Employees at an Apple New York City store in Grand Central Terminal have started collecting signatures to form a union.
The story was first reported by The Washington Post.
So far, no Apple store has successfully formed a union. The organisers call themselves 'Fruit Stand Workers United', and announced in an update on their website that they voted to affiliate themselves with the Workers United labour union on February 21, 2022.
Recently, the Workers United backed the unionisation efforts at Starbucks across the US.
Organisers at Apple Grand Central are handing out signature cards so employees can express interest in forming a union.
If at least 30 per cent sign, the organisers can file a petition with the US National Labor Relations Board (NLRB) to hold a union election.
"Grand Central is an extraordinary store with unique working conditions that make a union necessary to ensure our team has the best possible standards of living in what have proven to be extraordinary times," the organisers' website reads, citing inflation rates and pandemic-related store closures.
The Washington Post had earlier reported that several Apple stores were getting ready to unionise amid complaints that wages can't keep up with the skyrocketing rate of inflation and poor working conditions.
The Post's recent report suggests that "at least three" other Apple store locations are progressing towards forming a union.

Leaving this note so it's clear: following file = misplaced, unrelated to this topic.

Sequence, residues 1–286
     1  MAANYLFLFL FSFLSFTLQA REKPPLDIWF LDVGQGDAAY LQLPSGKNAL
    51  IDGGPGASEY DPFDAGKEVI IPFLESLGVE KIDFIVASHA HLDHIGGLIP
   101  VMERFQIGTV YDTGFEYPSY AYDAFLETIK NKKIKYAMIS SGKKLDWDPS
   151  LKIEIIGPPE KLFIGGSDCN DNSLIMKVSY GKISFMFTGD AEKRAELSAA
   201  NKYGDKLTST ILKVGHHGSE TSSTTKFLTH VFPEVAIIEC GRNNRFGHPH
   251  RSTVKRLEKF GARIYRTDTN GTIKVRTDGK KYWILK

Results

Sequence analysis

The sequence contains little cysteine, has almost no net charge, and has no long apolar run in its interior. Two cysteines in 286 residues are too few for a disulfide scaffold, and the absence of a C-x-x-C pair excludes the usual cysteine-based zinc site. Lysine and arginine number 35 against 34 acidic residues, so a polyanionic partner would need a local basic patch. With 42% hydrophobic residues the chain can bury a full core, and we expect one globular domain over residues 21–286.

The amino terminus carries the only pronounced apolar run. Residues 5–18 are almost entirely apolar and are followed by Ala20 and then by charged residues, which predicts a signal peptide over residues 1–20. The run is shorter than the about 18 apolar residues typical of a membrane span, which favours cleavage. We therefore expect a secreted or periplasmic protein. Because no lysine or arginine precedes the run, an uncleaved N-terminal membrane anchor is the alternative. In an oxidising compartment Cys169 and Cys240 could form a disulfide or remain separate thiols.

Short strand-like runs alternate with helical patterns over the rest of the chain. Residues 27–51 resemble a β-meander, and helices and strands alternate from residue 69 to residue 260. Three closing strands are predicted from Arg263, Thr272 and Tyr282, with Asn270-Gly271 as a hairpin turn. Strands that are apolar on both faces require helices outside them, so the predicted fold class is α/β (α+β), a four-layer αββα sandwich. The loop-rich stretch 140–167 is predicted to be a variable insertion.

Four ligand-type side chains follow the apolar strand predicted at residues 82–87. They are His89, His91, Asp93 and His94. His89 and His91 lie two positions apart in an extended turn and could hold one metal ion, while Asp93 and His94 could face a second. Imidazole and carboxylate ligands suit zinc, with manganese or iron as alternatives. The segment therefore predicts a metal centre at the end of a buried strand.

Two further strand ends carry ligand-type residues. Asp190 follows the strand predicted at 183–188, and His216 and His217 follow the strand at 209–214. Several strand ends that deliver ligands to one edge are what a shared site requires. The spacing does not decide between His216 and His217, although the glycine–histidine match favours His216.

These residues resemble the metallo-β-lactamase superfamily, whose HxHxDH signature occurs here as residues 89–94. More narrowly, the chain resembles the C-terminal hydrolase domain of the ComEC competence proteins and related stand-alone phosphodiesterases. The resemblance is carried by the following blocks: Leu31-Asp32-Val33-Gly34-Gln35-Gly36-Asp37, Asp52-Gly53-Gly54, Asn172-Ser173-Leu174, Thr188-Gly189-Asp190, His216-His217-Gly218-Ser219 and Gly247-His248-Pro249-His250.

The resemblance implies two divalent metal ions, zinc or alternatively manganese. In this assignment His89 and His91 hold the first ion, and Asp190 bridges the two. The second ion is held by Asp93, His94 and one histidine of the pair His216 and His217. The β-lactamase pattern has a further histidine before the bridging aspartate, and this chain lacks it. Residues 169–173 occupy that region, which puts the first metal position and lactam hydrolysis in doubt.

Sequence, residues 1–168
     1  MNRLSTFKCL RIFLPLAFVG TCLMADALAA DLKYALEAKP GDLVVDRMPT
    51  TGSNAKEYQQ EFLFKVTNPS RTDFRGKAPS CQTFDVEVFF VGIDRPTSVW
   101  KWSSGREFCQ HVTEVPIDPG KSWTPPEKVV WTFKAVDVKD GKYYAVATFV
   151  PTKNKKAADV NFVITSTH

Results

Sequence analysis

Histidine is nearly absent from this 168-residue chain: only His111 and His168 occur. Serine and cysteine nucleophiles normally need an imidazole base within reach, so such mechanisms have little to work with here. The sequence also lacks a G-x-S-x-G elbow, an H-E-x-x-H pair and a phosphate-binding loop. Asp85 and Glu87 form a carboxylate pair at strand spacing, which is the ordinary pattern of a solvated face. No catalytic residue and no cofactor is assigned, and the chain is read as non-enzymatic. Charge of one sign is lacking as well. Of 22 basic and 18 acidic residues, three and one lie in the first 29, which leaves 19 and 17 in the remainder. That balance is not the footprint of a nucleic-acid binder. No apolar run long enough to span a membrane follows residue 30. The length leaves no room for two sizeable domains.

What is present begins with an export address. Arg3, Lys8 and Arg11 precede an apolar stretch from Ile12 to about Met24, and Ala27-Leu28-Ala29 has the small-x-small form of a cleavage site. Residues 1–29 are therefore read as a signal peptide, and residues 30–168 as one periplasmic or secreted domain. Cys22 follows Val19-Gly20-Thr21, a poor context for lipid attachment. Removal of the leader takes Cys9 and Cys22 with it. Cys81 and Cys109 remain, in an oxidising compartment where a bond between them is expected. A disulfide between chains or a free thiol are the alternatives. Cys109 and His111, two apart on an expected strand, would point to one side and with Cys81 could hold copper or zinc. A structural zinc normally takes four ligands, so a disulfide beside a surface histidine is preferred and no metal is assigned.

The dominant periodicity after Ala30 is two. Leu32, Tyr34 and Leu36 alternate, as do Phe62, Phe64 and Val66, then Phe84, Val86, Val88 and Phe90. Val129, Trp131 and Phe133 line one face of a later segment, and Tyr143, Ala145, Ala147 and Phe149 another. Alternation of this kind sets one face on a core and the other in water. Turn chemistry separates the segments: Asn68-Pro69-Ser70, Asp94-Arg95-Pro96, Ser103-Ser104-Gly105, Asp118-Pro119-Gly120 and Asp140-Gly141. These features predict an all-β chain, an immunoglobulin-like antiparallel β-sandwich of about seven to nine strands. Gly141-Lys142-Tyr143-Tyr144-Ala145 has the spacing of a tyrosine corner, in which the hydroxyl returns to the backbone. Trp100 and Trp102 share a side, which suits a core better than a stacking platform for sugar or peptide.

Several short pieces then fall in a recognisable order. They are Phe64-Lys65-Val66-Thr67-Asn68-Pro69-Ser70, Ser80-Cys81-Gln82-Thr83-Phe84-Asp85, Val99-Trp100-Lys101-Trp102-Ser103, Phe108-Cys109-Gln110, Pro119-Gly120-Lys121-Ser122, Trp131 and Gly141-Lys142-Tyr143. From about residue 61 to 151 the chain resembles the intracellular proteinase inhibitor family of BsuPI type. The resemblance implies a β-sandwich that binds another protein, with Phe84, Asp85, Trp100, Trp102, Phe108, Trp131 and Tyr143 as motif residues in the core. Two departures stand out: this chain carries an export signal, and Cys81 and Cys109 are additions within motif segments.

Apple reacts to reports
Apple's reaction seemed politically correct but far from supportive.
"We are fortunate to have incredible retail team members and we deeply value everything they bring to Apple," an Apple spokesperson said in a statement to The Post.
"We are pleased to offer very strong compensation and benefits for full-time and part-time employees, including healthcare, tuition reimbursement, new parental leave, paid family leave, annual stock grants and many other benefits," the statement added.
Earlier this year, Apple had increased benefits for both part-time and full-time retail employees following media reports, led by The Verge, that Apple store employees are struggling over wages and working environment.
Throughout the course of the pandemic, retail workers have also dealt with changing mask guidance, store closures, as well as a requirement to submit proof of a Covid-19 booster shot or show a negative Covid-19 test report before entering the store.
Apple isn't alone. Earlier this month, in a first for the company, Amazon workers at the Staten warehouse in Long Island succeeded in unionising.
On Monday, Amazon workers at a small facility in New Jersey showed enough interest to hold a vote on unionising.
At least 60 of 200 workers from Amazon's DNK5 depot in Bayonne, New Jersey, have submitted cards seeking to organise as part of Local 713 International Brotherhood of the Trade Union, the NLRB said.
There seems growing interest among Big Tech workers to unionise -- even as the employers have little patience for unions in their US operations.
(With inputs from IANS)